Compression helps squeeze away exercise-related aches

As society struggles to combat inactivity, weight gain and aging, it’s natural that warm weather reminds us to get moving. But even modest couch-to-5K dreams can be derailed by the inevitable aches and pains. Most of us expect the hurt-so-good tension and tenderness that comes 24 to 48 hours after you’ve worked out a new muscle group, but anything that lasts longer than that should be addressed.

Targeted compression items might be a great place to start.

Compression helps decrease pain, increase endurance and maximize recovery by applying steady pressure to an inflamed joint or muscle group.

“It relieves symptoms by helping to push the blood, fluid, inflammation out of a certain area and get blood circulating,” said Dr. Matt Tanneberg of Arcadia Health and Wellness Chiropractic in Phoenix. He said that it works for athletes and nonathletes alike if they are looking to solve the problem of aches and pains that come from inflammation.

Compression is typically more useful on lower extremities because it helps counter the effects of gravity, which cause inflammation or blood to pool lower in the body when there’s inactivity, Tanneberg said.

Michelle Huie, founder of the Vim & Vigr fashionable compression sock company, said that she launched her business in 2013 when she realized that compression wear could give her the relief she needed after workouts. She was grappling with long-term residual aches on the days she returned to work and spent hours seated or in meetings while traveling on sales calls.

“I work out and I try to stay healthy, so it seemed counterintuitive to wear compression socks when I wasn’t moving as much,” Huie said. Like many, she said that she had the impression that compression socks were for elderly, sedentary people or hardcore athletes prone to injury.

And when she looked around, she said that the styles she saw confirmed that the market was skewed toward very athletic looks and boring medical grade options that looked as stylish as black knee high socks and sandals.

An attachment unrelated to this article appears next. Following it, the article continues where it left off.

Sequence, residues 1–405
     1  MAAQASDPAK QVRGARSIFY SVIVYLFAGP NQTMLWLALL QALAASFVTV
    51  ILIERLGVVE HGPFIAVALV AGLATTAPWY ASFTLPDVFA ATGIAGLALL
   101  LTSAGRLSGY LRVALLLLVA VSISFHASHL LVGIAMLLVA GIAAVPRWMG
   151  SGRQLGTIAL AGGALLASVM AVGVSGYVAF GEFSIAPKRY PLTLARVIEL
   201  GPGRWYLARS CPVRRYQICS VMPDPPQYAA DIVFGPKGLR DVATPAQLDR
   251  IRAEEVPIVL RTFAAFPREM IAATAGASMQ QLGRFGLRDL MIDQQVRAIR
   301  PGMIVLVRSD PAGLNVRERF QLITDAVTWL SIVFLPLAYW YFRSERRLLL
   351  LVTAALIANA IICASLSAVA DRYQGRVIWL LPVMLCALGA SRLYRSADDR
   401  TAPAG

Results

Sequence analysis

Huie, who currently lives in Missoula, Mont., is one of a small niche of entrepreneurs catering to younger weekend warriors, as well as workers who spend a lot of time on their feet (nurses) or in their seats (office workers) and have been advised of the benefits of compression to prevent or lessen swelling, alleviate aches, energize legs and aid muscle recovery.

St. Louis-based Funkxion socks, founded by three business executives who spend their leisure time clocking many miles with their cycling club, also marries compression and style in men’s business sock styles.

“Compression can help almost anyone, if they have symptoms” Tanneberg said. “But it won’t do you any good to wear them if you really don’t have a problem.”

However, he said it probably won’t cause any harm, unless someone is dealing with an active cancer diagnosis. This is a counter-indication he said because you don’t want the increased blood flow feeding or spreading the cancer.

Otherwise, he offered these tips.


—Compression socks or sleeves can’t just be compression in name only. The items have to live up to the name. “You can’t go by the brand, price or anything else. It’s about the feel. It should be hard to get on,” Tanneberg said. “It shouldn’t just slip on like a sock. For compression it should be a struggle to get it on.”

But, he said, it shouldn’t cause any numbness. So really tight, but not too tight is key and different people will tolerate different levels of compression. He said most places have return policies for garments in this category because they can be pricey and you might have to experiment.

—A little compression will go a long way. A compression T-shirt or leggings or bodysuit might make you feel better and more stable, Tanneberg said, but it won’t necessarily help with specific aches and pains from joints and inflammation. The trick of compression is to squeeze blood and inflammation out of its resting place in a certain body part, if you compress a larger-than-necessary area you are lessening the effect on the intended region. If you were bleeding, would you apply pressure to your entire leg or just the wound?

—Soreness may still be inevitable. But compression can help reduce, if not eliminate recovery time. “The most important time is after a workout for most people,” he said. Long distance runners and those in endurance sports may notice that it takes longer for them to fatigue when wearing compression gear on lower extremities, he said, but circuit trainers and sporadic gym goers will do better tackling targeted areas of inflammation after the fact. Ice and compression can be a powerful team, he said, to get you training again without down time.

—One less excuse. Tanneberg said that acute pain should be addressed strategically with the help of a health care professional, but general aches and swelling are a great target for compression. Exercise requires consistent motivation, discipline and willpower, whereas human nature is prone to come up with excuses for avoiding activities that give us discomfort. Adding compression to your workout or post-workout routine means that you’ll probably have one less excuse.